“Standard PMTs help ﬁlter out the non-poor, but exclude many poor people, thus diminishing the impact on poverty. … The prevailing methods are particularly deﬁcient in reaching the poorest. … The most widely-used form of PMT in practice does only slightly better on average than an untargeted universal basic income scheme, in which everyone gets the same transfer, whatever their characteristics. Even under seemingly ideal conditions, the “high-tech” solutions to the targeting problem with imperfect information do not do much better than age-old methods using state-contingent transfers or even simpler basic income schemes.”
Proxy means tests are being used because poor countries just don’t have the quality of information to make fuller assessments work. As many critics of means testing have pointed out, richer countries don’t have the capacity to do it either. People’s incomes fluctuate, boundary problems are intrinsic, people don’t understand what should be included and what should not be, and take-up is consistently poor.
There is however one large reservation to make about this study’s findings. There have to be doubts as to whether any country, rich or poor, really has the capacity to produce the kind of information that detailed quantitative studies of this kind call for. This study points to the difficulty that any test has in determining whether or not specific individuals are poor. The standard they use to verify the connections, household consumption, is not absolute proof of poverty; it’s an indicator. It’s probably more valid than some other indicators, but it isn’t perfect and it is just as difficult to collect as income. I happen to agree with the paper’s conclusions about proxy means tests, because they happily coincide with my own judgment, but nothing can be supposed to be proved beyond doubt; the core information that the analysis is built on is not good enough, and it cannot be.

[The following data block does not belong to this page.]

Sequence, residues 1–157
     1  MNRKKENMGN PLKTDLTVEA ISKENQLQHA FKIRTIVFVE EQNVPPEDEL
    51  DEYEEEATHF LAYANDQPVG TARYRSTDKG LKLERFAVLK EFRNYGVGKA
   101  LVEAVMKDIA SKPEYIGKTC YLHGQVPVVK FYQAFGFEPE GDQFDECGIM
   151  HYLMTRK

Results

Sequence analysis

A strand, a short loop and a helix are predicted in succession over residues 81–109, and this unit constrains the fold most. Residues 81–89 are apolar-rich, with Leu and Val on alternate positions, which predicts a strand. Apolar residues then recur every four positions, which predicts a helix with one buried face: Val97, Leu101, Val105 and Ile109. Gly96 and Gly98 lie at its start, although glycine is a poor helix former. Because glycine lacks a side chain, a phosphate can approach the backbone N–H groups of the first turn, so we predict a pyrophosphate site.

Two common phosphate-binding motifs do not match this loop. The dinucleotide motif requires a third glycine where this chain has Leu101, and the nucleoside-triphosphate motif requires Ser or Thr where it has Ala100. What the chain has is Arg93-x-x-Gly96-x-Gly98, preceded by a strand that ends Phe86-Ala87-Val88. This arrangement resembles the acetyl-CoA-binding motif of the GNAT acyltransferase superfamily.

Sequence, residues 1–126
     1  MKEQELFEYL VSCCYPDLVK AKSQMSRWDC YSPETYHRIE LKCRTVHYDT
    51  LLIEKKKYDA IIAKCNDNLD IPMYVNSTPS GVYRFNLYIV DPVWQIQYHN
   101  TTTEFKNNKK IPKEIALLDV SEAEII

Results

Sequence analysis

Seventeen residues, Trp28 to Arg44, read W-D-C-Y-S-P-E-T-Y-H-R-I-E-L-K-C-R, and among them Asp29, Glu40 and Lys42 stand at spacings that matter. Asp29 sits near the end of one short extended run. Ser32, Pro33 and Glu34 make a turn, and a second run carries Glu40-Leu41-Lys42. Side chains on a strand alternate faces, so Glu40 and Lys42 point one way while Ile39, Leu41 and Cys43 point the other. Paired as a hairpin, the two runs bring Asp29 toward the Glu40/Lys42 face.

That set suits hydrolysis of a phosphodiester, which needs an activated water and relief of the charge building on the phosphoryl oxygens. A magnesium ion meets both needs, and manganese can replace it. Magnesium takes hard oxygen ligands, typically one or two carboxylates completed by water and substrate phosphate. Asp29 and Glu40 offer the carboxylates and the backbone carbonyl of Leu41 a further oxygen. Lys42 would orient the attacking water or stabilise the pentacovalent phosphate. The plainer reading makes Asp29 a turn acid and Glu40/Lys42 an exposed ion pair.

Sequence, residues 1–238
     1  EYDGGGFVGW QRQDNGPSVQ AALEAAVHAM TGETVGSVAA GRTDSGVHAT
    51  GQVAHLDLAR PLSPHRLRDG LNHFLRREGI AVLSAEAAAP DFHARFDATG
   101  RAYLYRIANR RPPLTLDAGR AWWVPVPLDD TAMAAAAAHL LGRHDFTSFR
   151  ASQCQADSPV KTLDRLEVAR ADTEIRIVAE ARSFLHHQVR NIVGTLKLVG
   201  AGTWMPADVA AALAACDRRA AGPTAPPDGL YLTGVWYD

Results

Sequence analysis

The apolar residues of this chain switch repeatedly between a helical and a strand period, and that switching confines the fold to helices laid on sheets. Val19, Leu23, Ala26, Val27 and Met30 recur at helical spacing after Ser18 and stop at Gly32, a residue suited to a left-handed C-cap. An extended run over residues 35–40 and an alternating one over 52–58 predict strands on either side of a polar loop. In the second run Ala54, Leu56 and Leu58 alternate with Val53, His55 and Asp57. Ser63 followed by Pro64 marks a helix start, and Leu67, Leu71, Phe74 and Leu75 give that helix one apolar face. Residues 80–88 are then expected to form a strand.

The National Audit Office has qualified the DWP accounts, yet again, because of the levels of ‘fraud and error’. I put that phrase in inverted commas because the DWP has always presented them as a package; it’s not really about fraud. The breakdowns usually attribute most of the over- and under-payments to error.
(This graph may look blurred in some browsers; double-clicking or tapping on it should make it easier to read.)
The basic message from the graph is that some criteria are harder to manage that others. People get questions about income wrong, in both directions, and capital doesn’t necessarily get declared. In a nutshell, many of the problems are simply and directly attributable to means-testing. Living arrangements cause problems, too. By contrast, the sort of thing that doesn’t much appear is contributory entitlement. The essential problems stem from asking questions that suppose we can find out how people live and respond to their individual circumstances, rather than simply stating – as we do with state pensions – whether or not people are entitled.
The Scottish Conservatives have abandoned their long-held opposition to free prescriptions, and now accept that free prescriptions are popular and practical. A Conservative spokesman explained: “There is no doubt people in Scotland value the idea of free prescriptions. We have listened to them and changed our policy.”